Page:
Philippine Literature: Lola’s Proverbs in Today’s Graffiti

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   The Philippine Embassy (London) and Official Residence of Ambassador Edgardo Espiritu played host to an exciting evening of indigenous Filipino literature and cultural lecture aptly presented to the Filipino-British Community by Professor Rosario Cruz-Lucero.
   Ambassador Espiritu welcomed Professor Lucero who was in London as a part of her international travel to promote Philippine Literature and Culture in the context of a modern and contemporaneous point of view.

Prof. Rosario Cruz-Lucero
   Professor Lucero is currently a lecturer at the College of Arts and Letters, University of the Philippines (Diliman). Her lecture is the result of years of various in-depth research into the life and ways of native Filipinos and their transliterated perception of the modern world. Professor Lucero focused her lecture on how our present contemporary environment has influenced the traditional literature and eventually culture of aboriginal Filipinos.
   After a sumptuous light snack served by Mrs. Lydia Espiritu and the other Embassy Officials, the lecture kicked off with Ambassador Espiritu thanking all those who took the effort to attend the activity despite its short notice. He further stressed his delight to those who were present as it only shows their undying interest in Philippine Culture and Literature. He added that while most Filipinos in the UK are now the results of inter-racial marriages, their presence is a significant display of their value and commitment in learning more about their ethnic roots.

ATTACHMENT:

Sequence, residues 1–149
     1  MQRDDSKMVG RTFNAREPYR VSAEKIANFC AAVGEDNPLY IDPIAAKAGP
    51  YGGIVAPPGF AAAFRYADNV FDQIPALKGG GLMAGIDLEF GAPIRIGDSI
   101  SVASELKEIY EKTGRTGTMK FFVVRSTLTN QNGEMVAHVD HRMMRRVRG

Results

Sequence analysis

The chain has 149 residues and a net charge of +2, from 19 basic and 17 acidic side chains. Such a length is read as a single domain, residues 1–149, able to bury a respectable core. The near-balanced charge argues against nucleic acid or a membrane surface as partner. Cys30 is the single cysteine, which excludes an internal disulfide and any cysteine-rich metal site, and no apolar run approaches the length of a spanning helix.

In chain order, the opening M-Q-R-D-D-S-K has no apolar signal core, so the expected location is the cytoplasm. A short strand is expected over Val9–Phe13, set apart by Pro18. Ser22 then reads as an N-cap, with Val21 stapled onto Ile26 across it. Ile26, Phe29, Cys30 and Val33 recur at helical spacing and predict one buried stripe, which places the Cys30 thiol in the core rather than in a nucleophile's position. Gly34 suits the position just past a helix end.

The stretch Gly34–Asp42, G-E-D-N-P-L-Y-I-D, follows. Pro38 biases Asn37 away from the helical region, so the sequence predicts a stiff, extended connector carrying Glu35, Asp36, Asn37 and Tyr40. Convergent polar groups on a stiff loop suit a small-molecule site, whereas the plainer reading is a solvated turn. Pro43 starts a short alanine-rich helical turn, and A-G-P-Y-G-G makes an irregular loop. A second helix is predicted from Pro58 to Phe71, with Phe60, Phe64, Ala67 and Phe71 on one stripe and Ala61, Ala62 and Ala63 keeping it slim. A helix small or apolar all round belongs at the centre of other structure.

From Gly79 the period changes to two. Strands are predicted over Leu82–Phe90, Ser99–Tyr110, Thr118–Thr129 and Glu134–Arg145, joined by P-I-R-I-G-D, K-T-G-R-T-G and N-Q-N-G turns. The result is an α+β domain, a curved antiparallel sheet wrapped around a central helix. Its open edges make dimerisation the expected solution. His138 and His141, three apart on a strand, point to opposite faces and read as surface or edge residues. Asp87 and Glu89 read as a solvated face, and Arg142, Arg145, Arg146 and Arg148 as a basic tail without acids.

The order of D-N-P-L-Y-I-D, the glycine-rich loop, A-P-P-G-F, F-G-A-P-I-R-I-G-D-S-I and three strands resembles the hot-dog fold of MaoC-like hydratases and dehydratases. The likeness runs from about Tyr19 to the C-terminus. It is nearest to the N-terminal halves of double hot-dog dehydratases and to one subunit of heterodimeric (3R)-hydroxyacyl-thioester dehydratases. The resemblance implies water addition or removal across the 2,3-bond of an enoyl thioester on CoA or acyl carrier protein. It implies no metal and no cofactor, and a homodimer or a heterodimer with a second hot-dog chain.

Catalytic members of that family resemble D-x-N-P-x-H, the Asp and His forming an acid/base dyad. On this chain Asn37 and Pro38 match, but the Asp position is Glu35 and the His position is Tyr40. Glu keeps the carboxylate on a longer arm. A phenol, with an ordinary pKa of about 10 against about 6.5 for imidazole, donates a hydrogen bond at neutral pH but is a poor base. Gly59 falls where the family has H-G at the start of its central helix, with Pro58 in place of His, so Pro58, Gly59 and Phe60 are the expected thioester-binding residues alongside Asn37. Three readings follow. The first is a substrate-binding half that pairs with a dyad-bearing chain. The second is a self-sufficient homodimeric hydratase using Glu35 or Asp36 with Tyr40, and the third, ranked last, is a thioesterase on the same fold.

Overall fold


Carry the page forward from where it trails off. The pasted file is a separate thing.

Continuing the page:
In her lecture, Professor Lucero presented Philippine Literature and Culture as they were more commonly known. She used traditional proverbs, riddles, graffiti and even commercial tag lines as an example of modern transliteration of historic epics and myths. She further detailed various traditional rituals and their symbolic representations as these were originally intended and how these same rituals and symbolic imagery have been either lost or transformed by the modern world.

   Furthermore, Lucero showed the audience how these seemingly unique Filipino literature and culture are related to most modern literature and way of life. She also cited how most contemporary and modern writers and authors have tapped into the rich imagery that traditional epics and literature transformation can do.
   While most of those present at the Philippine Literature and Cultural night lecture criticized the scholarly approach in the way the lecture was generally presented, second generations Filipinos present at the event remarked positively. Vincent Fajilagmago, vice-chair of the newly formed association Philippine Generation said “I never understood Philippine literature and how attractive it can be…I have seen other race promote their culture but not understand why or how it is attractive, but what the professor showed me is how ingenious we were and our language and literature. It’s got me really thinking.” Vincent is now more involved in various Filipino activities and promises to help keep the Filipino spirit alive in the UK.
Michael Duque 



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